The slippery slope is here. And we are picking up speed.
And David French, in a short but very strong post on NRO's "The Corner", said:
What is the common thread? A desire for life on their own terms. They want children (I don’t doubt some desperately want children; especially the older women seeking expensive and sometimes painful fertility treatments), but within certain boundaries. That’s not to say there aren’t profound and intense emotions involved, and those emotions are certainly rationalized in innumerable ways, but selfishness is the heart of the matter. In fact, the very “fear” that many people feel is not the fear that they will harm their children through their own parental inadequacies but instead the fear that their children will harm them — by taking from them the life they’d always imagined.
Self-indulgence is the common thread that runs through most culture war issues. From marriage to divorce to cohabitation to abortion, the desperate desire to satisfy the longings of our heart collides with a Judeo-Christian moral tradition that calls for children to be raised in faithful, married mother-father households. And so we make endless accommodations to our desires — protecting as a legal right the quest to satisfy every personal whim — and our culture cracks and crumbles.
The paradox of the human condition is that those who seek to find their life will lose it, and those who lose their life will find it. In other words, the very act of self-denial enriches your life while selfishness destroys the soul.
Finally, New York Times columnist Ross Douthat, in a piece titled, "The Failure of Liberal Bioethics", states:
The liberal camp includes many thinkers I admire, and it has produced some of the more eloquent reflections on biotechnology’s implications for human affairs. But at least in the United States, the liberal effort to (as the Goodman of 1980 put it) “monitor” and “debate” and “control” the development of reproductive technologies has been extraordinarily ineffectual. From embryo experimentation to selective reduction to the eugenic uses of abortion, liberals always promise to draw lines and then never actually manage to draw them. Like Dr. Evans, they find reasons to embrace each new technological leap while promising to resist the next one — and then time passes, science marches on, and they find reasons why the next moral compromise, too, must be accepted for the greater good, or at least tolerated in the name of privacy and choice. You can always count on them to worry, often perceptively, about hypothetical evils, potential slips down the bioethical slope. But they’re either ineffectual or accommodating once an evil actually arrives. Tomorrow, they always say — tomorrow, we’ll draw the line. But tomorrow never comes.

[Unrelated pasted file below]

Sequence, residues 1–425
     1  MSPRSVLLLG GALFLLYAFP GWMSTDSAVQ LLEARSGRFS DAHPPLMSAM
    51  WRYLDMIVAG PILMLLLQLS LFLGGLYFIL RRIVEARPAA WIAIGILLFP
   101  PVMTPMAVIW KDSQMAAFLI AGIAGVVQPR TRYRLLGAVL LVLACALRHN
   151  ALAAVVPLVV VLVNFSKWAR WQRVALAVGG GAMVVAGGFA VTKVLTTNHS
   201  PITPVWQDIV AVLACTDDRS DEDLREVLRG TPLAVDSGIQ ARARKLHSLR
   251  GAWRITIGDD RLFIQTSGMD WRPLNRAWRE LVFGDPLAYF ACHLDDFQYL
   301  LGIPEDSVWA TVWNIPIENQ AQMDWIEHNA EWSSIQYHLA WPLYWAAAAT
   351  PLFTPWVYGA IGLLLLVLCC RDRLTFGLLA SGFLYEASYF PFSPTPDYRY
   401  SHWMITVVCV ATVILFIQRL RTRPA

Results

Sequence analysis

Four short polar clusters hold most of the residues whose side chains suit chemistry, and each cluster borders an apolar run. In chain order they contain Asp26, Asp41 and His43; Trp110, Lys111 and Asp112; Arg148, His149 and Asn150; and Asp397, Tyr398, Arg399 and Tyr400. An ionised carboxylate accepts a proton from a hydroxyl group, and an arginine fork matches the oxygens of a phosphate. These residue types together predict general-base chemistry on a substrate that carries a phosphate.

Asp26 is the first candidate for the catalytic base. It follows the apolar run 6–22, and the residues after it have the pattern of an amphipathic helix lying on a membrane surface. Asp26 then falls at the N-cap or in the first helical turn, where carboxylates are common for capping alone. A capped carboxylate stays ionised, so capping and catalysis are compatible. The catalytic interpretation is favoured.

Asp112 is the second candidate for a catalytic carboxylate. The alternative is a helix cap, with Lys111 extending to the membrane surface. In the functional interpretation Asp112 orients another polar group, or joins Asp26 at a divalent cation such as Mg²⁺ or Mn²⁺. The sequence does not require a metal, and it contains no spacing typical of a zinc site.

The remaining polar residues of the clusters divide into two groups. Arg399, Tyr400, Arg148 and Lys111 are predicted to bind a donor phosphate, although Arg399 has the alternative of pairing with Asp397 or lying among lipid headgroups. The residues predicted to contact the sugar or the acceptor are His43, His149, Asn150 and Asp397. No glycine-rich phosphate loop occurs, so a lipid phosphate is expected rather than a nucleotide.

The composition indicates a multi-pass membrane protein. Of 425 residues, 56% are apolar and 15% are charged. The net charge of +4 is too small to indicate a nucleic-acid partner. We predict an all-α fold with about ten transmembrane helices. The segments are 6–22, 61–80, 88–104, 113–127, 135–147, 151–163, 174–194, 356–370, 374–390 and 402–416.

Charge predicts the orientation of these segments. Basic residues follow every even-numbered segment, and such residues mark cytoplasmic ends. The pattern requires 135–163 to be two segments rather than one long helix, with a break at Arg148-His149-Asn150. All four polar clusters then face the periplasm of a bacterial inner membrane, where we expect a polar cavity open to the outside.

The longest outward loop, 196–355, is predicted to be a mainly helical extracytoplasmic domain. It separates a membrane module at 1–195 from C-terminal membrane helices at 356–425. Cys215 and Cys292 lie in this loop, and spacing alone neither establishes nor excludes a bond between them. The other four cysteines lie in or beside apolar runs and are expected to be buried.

One of the most revealing passages in Padawer's article has to do with one of the Most Sacred Words of the First Church of Secular Liberalism: "choice":
Sheena Iyengar, a social psychologist at Columbia Business School and the author of “The Art of Choosing,” suggests that limitless choice is a particularly American ideal. In a talk at a TED conference last year in Oxford, England, Iyengar said that “the story upon which the American dream depends is the story of limitless choice. This narrative promises so much: freedom, happiness, success. It lays the world at your feet and says you can have anything, everything.” Nevertheless, she subsequently told me, “we are in the midst of a choice revolution right now, where we’re trying to figure out where the ethical boundaries should be.”
Oooh, a "choice revolution". Huh? Are these people capable of saying anything at all with directness, clarity, and moral certainty? (That's essentially a rhetorical question, as I know the answer. Hint: it isn't "Yes".) Perhaps I'm naive, but I think most Americans over the course of this country's history have understood that there is no such thing as "limitless choice", and that expressions such as "you can do whatever you set your mind to do" or "The sky is the limit" come with some logical, commonsense qualifiers, many of them explicitly moral. Most people, for example, don't believe that committing murder, stealing, or lying are part of an American-styled "limitless choice" package—unless, I suppose, you believe that killing babies, stealing their lives, and lying about what really happened is "ethical".
On the plus side, I suppose I should be mildly pleased that a social psychologist has managed to put the words "ethical" and "boundaries" together. Hopefully they stay together, with neither being "reduced" before they are able to see the light of day.
• "Pro-choice" vs. "Pro-abortion"? Or, "Pro-choice" = "Pro-abortion"? (Oct. 9, 2008)